Dr. Cook's Garden is one of several Levin works which put issues of medical, scientific, and technological ethics at the fore. (Among them The Boys from Brazil, Sliver, The Stepford Wives, and above all This Perfect Day.)
“It’s my first play for Broadway since ‘Cat on a Hot Tin Roof’ 12 years ago and I think it’s very exciting. It’s the only one I’ve liked wholeheartedly since ‘Cat’ and I’ve read a lot of them, I can tell you. I play a doctor in a Vermont town. This Ira Levin writes artfully and with a craftsman’s hand.”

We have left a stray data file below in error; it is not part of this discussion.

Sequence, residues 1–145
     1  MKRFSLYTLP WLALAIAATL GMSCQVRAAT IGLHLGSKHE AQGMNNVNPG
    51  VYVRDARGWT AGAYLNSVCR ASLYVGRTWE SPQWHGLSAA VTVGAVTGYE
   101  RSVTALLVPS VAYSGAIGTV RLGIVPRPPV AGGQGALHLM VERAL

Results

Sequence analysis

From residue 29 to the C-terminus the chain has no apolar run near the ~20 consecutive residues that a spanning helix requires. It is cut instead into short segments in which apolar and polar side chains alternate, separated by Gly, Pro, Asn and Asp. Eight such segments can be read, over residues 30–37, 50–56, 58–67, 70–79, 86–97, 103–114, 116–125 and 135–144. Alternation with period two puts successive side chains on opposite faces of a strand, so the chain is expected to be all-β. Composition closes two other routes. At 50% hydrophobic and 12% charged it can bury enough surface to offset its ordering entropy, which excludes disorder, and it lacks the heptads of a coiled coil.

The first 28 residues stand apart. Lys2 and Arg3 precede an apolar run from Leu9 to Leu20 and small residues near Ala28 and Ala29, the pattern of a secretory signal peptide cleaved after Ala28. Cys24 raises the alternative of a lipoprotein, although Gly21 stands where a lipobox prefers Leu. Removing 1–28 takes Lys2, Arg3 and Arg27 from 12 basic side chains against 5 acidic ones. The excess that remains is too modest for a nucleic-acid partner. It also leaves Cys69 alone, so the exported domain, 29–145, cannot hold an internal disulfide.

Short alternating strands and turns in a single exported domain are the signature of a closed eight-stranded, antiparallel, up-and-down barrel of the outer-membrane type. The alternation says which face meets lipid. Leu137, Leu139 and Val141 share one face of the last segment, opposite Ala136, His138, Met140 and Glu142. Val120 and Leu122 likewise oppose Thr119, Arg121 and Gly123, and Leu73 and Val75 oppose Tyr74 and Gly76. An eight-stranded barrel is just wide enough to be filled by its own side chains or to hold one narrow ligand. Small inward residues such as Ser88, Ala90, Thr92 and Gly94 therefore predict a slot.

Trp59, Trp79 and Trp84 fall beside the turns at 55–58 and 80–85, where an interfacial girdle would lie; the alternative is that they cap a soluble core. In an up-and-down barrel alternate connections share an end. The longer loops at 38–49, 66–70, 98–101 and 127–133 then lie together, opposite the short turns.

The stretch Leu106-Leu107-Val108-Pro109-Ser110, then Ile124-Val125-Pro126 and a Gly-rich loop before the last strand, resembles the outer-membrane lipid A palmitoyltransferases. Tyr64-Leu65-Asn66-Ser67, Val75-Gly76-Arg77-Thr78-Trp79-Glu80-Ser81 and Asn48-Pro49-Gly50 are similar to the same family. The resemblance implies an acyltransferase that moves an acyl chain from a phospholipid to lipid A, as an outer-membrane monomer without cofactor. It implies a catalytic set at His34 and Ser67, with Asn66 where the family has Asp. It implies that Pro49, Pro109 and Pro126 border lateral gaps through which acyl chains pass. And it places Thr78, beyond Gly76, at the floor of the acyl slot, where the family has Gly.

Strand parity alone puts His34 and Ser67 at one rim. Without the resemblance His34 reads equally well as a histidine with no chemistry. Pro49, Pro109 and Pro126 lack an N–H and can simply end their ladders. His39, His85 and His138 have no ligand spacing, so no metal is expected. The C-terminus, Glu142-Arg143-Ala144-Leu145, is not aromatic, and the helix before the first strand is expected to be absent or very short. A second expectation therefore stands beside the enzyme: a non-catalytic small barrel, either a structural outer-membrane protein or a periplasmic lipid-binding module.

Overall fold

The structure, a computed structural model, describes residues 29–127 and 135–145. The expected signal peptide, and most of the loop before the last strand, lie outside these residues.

—Burl Ives (North American Newspaper Alliance, 1967)
We find it fascinating that Levin wrote Dr. Cook immediately after Rosemary's Baby – given the role that Dr. Sapirstein played in that work. (No tannis root in this garden, however.)
Not one to hold a grudge, Levin consented to work with George C. Scott a second time. (See our General Seeger NOT-SO-FUN FACT.) Despite this background, Scott abandoned his director's post over issues with star Burl Ives – leaving Levin to finish directing the play himself.
But the issues didn't stop there, unfortunately: Burl Ives himself did not show for the final rehearsals and previews. (His understudy Seymour Penzner filled in – with whom Levin was quite pleased.) Only after producer Saint Subber threatened Ives with a lawsuit did the Silver and Gold singer surface for the final run-through and opening.